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Gallery/video: Riders protest on Newmarket’s Warren Hill against Hatchfield Farm homes plans

17:41 25 June 2014

Left to right: William Gittus, John Morrey and Hugh Anderson watch as the horses ride past on Warren Hill, protesting against the Hatchfield Farm housing development in Newmarket.

Left to right: William Gittus, John Morrey and Hugh Anderson watch as the horses ride past on Warren Hill, protesting against the Hatchfield Farm housing development in Newmarket.


Key horseracing figures staged a demonstration in Newmarket today to highlight the level of concern over renewed plans for a housing development at Hatchfield Farm.


Leading racehorse training yards assembled together 100 racehorses on Warren Hill with riders wearing high visibility vests with the message ‘No to Hatchfield Farm’.

The trainers involved in the protest included William Haggas, Luca Cumani, James Fanshawe, Jane Chapple-Hyam, Mark Tompkins, William Jarvis, as well as Godolphin stables.

Newmarket Horsemen’s Group, which organised the demonstration, is urging members of Forest Heath District Council’s Development Control Committee not to jeopardise the future of the horseracing industry in the town - which it described as its “most valuable economic asset” - by allowing land at Hatchfield Farm to be developed.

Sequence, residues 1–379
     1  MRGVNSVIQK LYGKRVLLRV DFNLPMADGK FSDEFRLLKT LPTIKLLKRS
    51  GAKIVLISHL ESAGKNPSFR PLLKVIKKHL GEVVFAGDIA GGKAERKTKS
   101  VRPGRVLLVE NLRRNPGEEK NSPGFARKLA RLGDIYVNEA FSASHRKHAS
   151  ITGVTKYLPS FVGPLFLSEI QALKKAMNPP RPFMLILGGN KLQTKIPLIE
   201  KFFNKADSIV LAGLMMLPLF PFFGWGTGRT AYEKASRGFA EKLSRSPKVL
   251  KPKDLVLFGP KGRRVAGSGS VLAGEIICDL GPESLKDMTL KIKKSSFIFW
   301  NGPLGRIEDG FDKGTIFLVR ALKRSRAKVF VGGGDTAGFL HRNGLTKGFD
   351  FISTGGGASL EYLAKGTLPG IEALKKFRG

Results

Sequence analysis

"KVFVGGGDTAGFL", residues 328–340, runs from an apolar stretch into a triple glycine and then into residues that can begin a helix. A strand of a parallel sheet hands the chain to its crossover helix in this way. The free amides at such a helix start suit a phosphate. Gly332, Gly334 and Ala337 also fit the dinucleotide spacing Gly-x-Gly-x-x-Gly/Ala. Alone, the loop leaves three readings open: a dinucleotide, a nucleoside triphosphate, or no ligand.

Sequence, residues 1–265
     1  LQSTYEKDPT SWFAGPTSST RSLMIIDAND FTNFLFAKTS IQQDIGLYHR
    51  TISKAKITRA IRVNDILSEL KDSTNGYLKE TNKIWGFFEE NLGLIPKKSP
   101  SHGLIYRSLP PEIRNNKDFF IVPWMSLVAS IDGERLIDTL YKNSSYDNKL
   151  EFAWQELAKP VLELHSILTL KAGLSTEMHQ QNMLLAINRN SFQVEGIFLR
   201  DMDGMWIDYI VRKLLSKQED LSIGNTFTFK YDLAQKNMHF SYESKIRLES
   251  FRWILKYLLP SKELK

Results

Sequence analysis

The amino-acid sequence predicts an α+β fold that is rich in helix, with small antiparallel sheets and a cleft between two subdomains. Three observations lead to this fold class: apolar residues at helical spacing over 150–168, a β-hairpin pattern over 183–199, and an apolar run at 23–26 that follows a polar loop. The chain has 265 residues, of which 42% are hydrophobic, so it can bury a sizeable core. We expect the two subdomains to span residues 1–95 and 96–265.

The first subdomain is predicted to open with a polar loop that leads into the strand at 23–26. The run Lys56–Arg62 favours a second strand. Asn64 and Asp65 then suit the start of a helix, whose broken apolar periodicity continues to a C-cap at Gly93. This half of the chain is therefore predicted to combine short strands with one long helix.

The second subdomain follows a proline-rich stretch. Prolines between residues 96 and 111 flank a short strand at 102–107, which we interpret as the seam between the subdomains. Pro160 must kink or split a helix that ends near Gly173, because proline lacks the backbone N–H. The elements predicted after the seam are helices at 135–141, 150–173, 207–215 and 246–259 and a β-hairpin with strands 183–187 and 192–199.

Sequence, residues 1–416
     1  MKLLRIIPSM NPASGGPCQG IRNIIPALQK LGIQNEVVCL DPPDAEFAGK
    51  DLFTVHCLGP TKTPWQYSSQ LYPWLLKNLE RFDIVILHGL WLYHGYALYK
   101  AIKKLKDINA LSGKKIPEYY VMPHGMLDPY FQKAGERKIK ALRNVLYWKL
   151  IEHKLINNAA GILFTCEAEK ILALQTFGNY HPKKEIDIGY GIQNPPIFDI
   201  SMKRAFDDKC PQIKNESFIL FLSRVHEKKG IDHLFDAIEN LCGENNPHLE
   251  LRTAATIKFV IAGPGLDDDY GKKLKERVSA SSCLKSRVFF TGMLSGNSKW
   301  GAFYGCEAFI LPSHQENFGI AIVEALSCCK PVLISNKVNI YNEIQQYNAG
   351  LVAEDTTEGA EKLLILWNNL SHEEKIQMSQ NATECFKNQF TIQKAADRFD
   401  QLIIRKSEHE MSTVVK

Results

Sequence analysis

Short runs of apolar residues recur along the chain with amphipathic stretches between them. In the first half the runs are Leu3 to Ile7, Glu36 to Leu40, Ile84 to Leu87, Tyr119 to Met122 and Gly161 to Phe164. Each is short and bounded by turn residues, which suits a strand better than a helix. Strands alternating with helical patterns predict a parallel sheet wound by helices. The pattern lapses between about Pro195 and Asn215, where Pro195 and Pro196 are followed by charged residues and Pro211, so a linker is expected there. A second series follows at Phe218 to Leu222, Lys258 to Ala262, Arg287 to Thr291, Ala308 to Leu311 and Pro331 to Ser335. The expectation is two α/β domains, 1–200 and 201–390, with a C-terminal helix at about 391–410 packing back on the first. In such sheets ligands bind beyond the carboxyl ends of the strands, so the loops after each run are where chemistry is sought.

The committee will determine the plans for 400 homes at Hatchfield Farm on Wednesday.

Newmarket Horsemen’s Group warned the commencement of any development at Hatchfield Farm could have a “significant negative impact” on the £200million per year contribution to the local economy generated by the racing and breeding industry, and on the future prosperity of the town as a whole.

William Gittus, chairman of the Newmarket Horsemen’s Group, which represents a range of organisations involved in the horseracing industry in the town, said: “While the current application is for 400 houses, it is our firm belief that allowing any development at Hatchfield Farm will lead, in time, to the number of houses growing and growing and it will be too late to turn the clock back. One should not forget that the initial proposal, which was correctly rejected, was for 1,200 houses.

“In recent years the racing and breeding industry has bucked the overall economic trend and continued to grow in and around Newmarket. But it is a tightrope we walk and the consequences of any significant development at Hatchfield Farm, with the unavoidable accompanying increases in traffic and urbanisation, would compromise the future health and potential for growth of the town’s main industry.”

Rebekah Paczek, spokeswoman for the Hatchfield Farm project, said: “The argument that new housing will have an adverse impact on the horse racing industry is not new; however, the Secretary of State judged that the previous application for 1,200 homes would have no adverse impact. The 400-home development is clearly much smaller with lesser impact but with a similar mitigation package.”

She said the council had identified a need for new homes in Newmarket, adding consultation with hundreds of people in the town had revealed many wanted to buy or rent there, but were unable to do so due to a lack of housing supply.



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